Moving from Colorado to Northern Idaho/Southern Washington has put a damper on the number of shows I am able to attend. While I’m admittedly not the hugest fan of ska-punk, I was starved for a live music experience. Some of the posters advertised the evening as a “Reel Big Fish/Streetlight Manifesto” show, while my ticket proclaimed it to be a “Streetlight Manifesto/Reel Big Fish” show. So I walked into Spokane’s Knitting Factory with no idea of the running order of bands playing.
My friends and I arrived just in time to see the second act of the night, Lionize take the stage. The best way I can describe their sound is “Clutch Goes Reggae.” Their sound didn’t exactly appeal to my tastes but they played like a well-oiled machine, and appeared to have a few fans in attendance.
As soon as they exited the stage, I had no idea who I would be seeing next. After a nearly half-hour set change, some introductory horns began playing over the PA, and the Reel Big Fish banner dropped. Frontman Aaron Barret came out looking like a thinner version of the Your Scene Sucks Rude Boy; Hawaiian shirt, checkerboard guitar strap and all. As soon as the band launched into opener “Everything Sucks,” the crowd exploded. Ska kids are crazy, you would have thought it was a Slayer show or something.
If I were to have made a list of all the Reel Big Fish songs I thought I knew before this show, it would went something like “Beer," “Sell Out,” their “Take On Me” cover and… “The Impression That I Get?” That sounds right. However, I was surprised to find that I knew almost half the songs the band played. I’m not sure how exactly, comps or mix CDs probably, but several times throughout their set I found myself saying “Hey, I know this song!”
As I mentioned previously, I’m not much of a ska-punk fan, but it cannot be said Reel Big Fish aren’t good at what they do. They nail their songs exactly like they sound on record, and they know how to work a crowd. They’ve been going so long that naturally they’re professionals at this point. They closed their set with the songs I was most familiar with and left their fans with plenty to smile about.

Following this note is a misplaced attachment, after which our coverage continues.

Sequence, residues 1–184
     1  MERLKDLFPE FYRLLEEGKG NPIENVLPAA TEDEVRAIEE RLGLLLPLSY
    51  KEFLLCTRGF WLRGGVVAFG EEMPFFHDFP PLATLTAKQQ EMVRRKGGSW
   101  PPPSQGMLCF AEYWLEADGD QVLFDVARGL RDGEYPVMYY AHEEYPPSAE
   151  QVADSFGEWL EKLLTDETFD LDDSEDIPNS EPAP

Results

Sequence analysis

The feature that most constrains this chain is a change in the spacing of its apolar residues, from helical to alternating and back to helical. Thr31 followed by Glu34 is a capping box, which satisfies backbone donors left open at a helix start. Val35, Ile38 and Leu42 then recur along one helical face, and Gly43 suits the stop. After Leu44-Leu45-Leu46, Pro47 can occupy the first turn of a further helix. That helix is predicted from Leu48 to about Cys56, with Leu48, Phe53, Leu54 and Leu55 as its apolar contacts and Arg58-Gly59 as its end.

The night wasn’t over, however. After a surprisingly short set change (Probably about half of what it took for Reel Big Fish to come onstage), New Jersey’s Streetlight Manifesto emerged. I wasn’t as familiar with them as I was with Reel Big Fish (My only real exposure being knowing some Catch 22 songs, and hearing a few songs in the car on the way to the venue). One of the only songs I knew that they played ended up being a cover (“Me and Julio Down by the Schoolyard”) The group struck me as better musicians than Reel Big Fish (and about a thousand times better lyrically), but not as great of performers. For the most part, the band simply played their songs, and didn’t do all that much to connect with their audience. From their shorter stage setup time, their shorter set time, their smaller banner and their actual performance, this seemed like a classic case of an opening band closing after a headlining band.
While the night’s performances may not exactly have been my cup of tea musically, I still had a lot of fun at my first outing resembling a punk show in months. I think the running order of the top two bands perhaps should have been reversed, but they both played great sets, and it was interesting to get a firsthand look at one of the subcultures in punk rock that I have mostly avoided over the years. If these bands come to your town, there are a lot of worse ways to spend an evening.